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As we saw yesterday, Luke 15 is a record of three parables focusing on essentially the same theme. Some have suggested that Jesus used three separate stories to highlight the ministry of the three persons of the Godhead in salvation: the shepherd representing Jesus (vv. 1–7), the woman representing the Spirit (vv. 8–10), and the father in representing God the Father (vv. 11–32). It may be a bit speculative to say that with any certainty, but it is an intriguing thought.

As an incidental point, there was something unique in Jesus’ ministry, highlighted particularly in Luke’s Gospel, in the way he allowed women to play a prominent role. Luke frequently presents stories in sets, with a man as the primary character in one and a woman as a primary character in the other. For example, Luke 7:1–17 records two miracles—the first performed for a man and the second for a woman. Luke records two parables about God answering prayer—the first (11:5–13) about a man and the second (18:1–8) about a woman. He told the story of Jonah alongside the story of the Queen of Sheba (11:29–32) and healed both a woman (13:10–17) and a man (14:1–6) on the Sabbath. Again, he told two parables about the kingdom of God: one with a man as the primary character (13:18–19) and the other with a woman as the primary character (13:20–21). Speaking of his coming, he told of men working in the fields and women grinding out the grain (17:34–36). This appears to be a central motif in Luke’s Gospel and, in this respect, Jesus was very much unlike the other religious teachers of his day.

But, incidentals aside, the parable here highlights a particular truth about those whom Jesus came to save. To him, they are exceedingly precious. To the woman, the silver coin that she lost was valuable and must be found at all costs. We should not speculate too much, as some have done, about the extent of the woman’s wealth, whether she was a widow, and other questions that the text does not answer. This is a parable, after all, and we don’t want to push the details too far. The point is simply that the coin was so precious to her that did all she could to locate it. And, when she found it, there was cause for great celebration, which mirrors the celebration in God’s throne room at the salvation of one lost sinner.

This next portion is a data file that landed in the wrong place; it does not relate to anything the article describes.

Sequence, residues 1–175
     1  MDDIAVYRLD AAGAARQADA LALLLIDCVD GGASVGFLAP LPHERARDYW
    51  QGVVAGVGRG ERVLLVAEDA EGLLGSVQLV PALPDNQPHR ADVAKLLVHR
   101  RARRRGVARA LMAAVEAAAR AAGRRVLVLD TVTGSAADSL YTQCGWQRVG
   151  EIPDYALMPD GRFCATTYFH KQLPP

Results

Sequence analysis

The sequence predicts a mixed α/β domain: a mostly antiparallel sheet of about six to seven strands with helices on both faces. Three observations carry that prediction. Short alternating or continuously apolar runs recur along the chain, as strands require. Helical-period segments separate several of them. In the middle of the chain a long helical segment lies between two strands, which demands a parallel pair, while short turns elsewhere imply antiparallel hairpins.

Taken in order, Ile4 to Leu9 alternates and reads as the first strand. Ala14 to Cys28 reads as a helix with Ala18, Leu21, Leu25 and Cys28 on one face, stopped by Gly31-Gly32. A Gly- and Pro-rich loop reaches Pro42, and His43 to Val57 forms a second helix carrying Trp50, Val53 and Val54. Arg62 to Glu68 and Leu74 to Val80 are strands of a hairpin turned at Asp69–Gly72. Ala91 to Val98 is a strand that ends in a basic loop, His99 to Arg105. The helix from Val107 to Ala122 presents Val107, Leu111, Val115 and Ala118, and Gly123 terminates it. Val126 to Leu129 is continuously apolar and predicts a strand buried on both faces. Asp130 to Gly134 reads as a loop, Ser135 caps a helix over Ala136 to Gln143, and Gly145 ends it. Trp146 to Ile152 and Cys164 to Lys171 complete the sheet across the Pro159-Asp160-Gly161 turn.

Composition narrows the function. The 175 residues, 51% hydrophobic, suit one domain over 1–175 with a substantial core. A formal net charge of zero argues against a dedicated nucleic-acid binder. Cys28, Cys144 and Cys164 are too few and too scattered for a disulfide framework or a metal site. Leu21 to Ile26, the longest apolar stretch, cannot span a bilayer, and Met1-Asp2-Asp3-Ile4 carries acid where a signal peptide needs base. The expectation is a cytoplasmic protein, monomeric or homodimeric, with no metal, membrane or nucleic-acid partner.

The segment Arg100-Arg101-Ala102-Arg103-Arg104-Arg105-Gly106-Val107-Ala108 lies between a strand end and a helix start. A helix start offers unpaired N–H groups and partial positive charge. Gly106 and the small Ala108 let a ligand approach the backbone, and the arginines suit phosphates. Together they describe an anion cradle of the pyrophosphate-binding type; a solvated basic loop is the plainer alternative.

Have you ever felt worthless? Have you ever considered how often you have failed God and wondered how he could possibly love you? Have you ever felt forgotten, neglected, and wondered whether live is worth living? If you have wrestled with these feelings, allow the truth of this parable to encourage you.

As a Christian, you are exceedingly precious to God. Your redemption was secured at the cost of Christ’s life and, according to this text, there was great rejoicing in heaven the day you repented and turned to Christ. Do not allow your doubts due to your personal failures to rob you of this great truth, so clearly taught in Scripture. As Mark Altrogge has written, “We can’t fathom God’s incredible love for us. In and of ourselves, there would be nothing to attract him, nothing for him to delight in. But he has made us new creations in Christ, created in the likeness of Jesus, in whom is all his delight.”

As you reflect on the parable of the lost coin today, allow the truth of Scripture to help you reflect on the fact that, as one purchased by the blood of Christ, you are exceedingly precious to God. Allow this truth to spur you on to love him and live for him since he loved you and died for you.